Praise be to Allaah.
in Soorat al-Naml (interpretation of the meaning):
said to her: ‘Enter As‑Sarh’ (a glass surface with water underneath it or a
palace): but when she saw it, she thought it was a pool, and she (tucked up
her clothes) uncovering her legs. Sulaymaan (Solomon) said: ‘Verily, it is a
Sarh (a glass surface with water underneath it or a palace).’ She said: ‘My
Lord! Verily, I have wronged myself, and I submit [in Islam, together with
Sulaymaan (Solomon)] to Allaah, the Lord of the ‘Aalameen(mankind, jinn and
all that exists)’”
verse Allaah tells us of the great surprise that Sulaymaan (peace be upon
him) had prepared for the Queen of Saba’, which was a palace of glass, the
floor of which was above the water, and the Queen stood astonished before
these wonders, the like of which no human could produce, and she turned to
Allaah and spoke to Him. She acknowledged that she had wronged herself by
previously worshipping others, and she declared that she was submitting,
with Sulaymaan, to Allaah, the Lord of the Worlds.
This is what
is understood from the context of the story and it is also what is implied
by the rules of the Arabic language.
zalamtu nafsi (I have wronged myself) is a verbal clause which is the
predicate of the word Inni (Verily, I).
followed by the conjunction wa (and) which connects one phrase to
another, and she says, Wa aslamtu ma’a Sulaymaan (and I submit [in
Islam, together with Sulaymaan (Solomon)]) .
I’raab al-Qur’aan wa Bayaanuhu by Muhiy al-Deen Darweesh (7/216) and
al-Jadwal fi I’raab al-Qur’aan by Mahmoud Saafi (9/415).
meant is: I submit with Sulaymaan to Allaah, the Lord of the Worlds.
This is the
correct meaning, because the grammarians say that the conjunction only
limits repetition in a sentence.
says in Sharh Alfiyat Ibn Maalik (2/208):
conjunction implies repetition without needing to repeat everything. End
of saying ja’a Zayd wa ja’a ‘Amr (Zayd came and ‘Amr came) you can
shorten it by saying: Ja’a Zayd wa ‘Amr (Zayd and ‘Amr came).
sentence or phrases may be joined in like manner:
saying: Verily Allaah knows what you are doing and Allaah will bring you to
account for it, you can shorten it and say: Allaah knows what you are doing
and will bring you to account for it.
must be understood on this basis. So what the verse means is:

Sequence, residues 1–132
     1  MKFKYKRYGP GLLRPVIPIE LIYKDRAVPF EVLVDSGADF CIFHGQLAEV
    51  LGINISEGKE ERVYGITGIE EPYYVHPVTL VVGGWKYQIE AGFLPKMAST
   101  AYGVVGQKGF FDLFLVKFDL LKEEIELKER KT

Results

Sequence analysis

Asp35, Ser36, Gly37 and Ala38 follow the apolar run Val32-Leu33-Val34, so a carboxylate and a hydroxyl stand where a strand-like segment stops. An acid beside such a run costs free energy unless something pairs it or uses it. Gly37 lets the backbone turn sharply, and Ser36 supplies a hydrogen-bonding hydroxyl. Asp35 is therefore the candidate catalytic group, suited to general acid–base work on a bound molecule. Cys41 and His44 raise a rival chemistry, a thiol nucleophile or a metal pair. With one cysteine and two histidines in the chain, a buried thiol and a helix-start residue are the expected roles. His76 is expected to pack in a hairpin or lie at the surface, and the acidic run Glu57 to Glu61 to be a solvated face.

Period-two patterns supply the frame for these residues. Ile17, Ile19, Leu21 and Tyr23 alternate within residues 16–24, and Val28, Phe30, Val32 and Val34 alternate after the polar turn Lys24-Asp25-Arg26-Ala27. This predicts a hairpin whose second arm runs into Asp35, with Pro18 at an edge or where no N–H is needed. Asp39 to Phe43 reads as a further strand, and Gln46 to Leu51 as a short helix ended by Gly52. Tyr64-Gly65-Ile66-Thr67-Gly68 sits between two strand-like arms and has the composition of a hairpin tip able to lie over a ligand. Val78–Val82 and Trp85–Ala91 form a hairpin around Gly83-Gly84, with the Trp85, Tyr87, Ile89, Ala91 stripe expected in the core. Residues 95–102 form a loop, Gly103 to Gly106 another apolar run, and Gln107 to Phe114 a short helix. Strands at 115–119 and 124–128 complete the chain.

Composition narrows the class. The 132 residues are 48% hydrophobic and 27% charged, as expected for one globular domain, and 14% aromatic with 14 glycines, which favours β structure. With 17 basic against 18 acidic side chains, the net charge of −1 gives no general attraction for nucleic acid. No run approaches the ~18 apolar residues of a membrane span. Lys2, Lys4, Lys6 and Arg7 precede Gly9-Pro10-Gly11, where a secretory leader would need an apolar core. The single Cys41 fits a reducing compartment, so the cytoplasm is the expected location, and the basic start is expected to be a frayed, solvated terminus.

wronged myself, and I submit with Sulaymaan to Allaah, the Lord of the
linguistic point of view, it is not necessarily that the two sentences
joined together have the meaning.
‘Abbaas Hasan says in al-Nahw al-Waafi (3/557):
If the word
that comes after the conjunction wa is not singular, it may mean that
both phrases refer to the same action, such as nabata al-ward wa nabata
al-qasab (the flowers grew and the reeds grew), or it may not, such as
hadarat al-tayyaarah wa lam tahdar al-sayyaarah (the plane came but
the car did not come). End quote.
mentioned the words of the Queen of Saba’ after the conjunction wa – “(and
I submit [in Islam, together with Sulaymaan (Solomon)]” – it is not
permissible to understand this as an elaboration of the words that came
before the conjunction, from a purely linguistic point of view. How can that
be so, when the two meanings are clearly opposites?
demonstrates that the queen acknowledged that she had wronged herself when
she worshipped the sun instead of Allaah, and she repented from that shirk
and submitted and worshipped Allaah alone, the Lord of the Worlds.
meaning is correct, and the misunderstanding of the verse asked about here
misunderstanding – as far as grammatical rules are concerned – may have been
valid if the wording had been:
wronged myself: I submitted with Sulaymaan” with no conjunction, if the
second phrase had been an apposition of the first phrase, as in the verse
(interpretation of the meaning):
whoever does this shall receive the punishment.
torment will be doubled to him on the Day of Resurrection, and he will abide
therein in disgrace”
of the torment is an explanation of the punishment incurred by the one who
commits major sin.
misunderstanding – as far as grammatical rules are concerned – may also have
been valid if the conjunction had been fa, and she had said “Inni
zalamtu nafsi fa aslamtu ma’a Sulaymaan (Verily, I have wronged
myself, and so I submit [in Islam, together with Sulaymaan (Solomon)])”
because the conjunction fa is often used to indicate a sequence,
i.e., it points to the reason, such as saying rama al-sayyaad al-taa’ir
fa qatalahu (the hunter shot the bird and (so) he killed it).
al-Nahw al-Waafi (3/574)
wording of the Qur’aan is quite clear:
said: ‘My Lord! Verily, I have wronged myself, and I submit [in Islam,
together with Sulaymaan (Solomon)] to Allaah, the Lord of the
‘Aalameen(mankind, jinn and all that exists)’”
questioner’s confusion is not valid and does not affect the correct meaning
and the principles of Arabic grammar.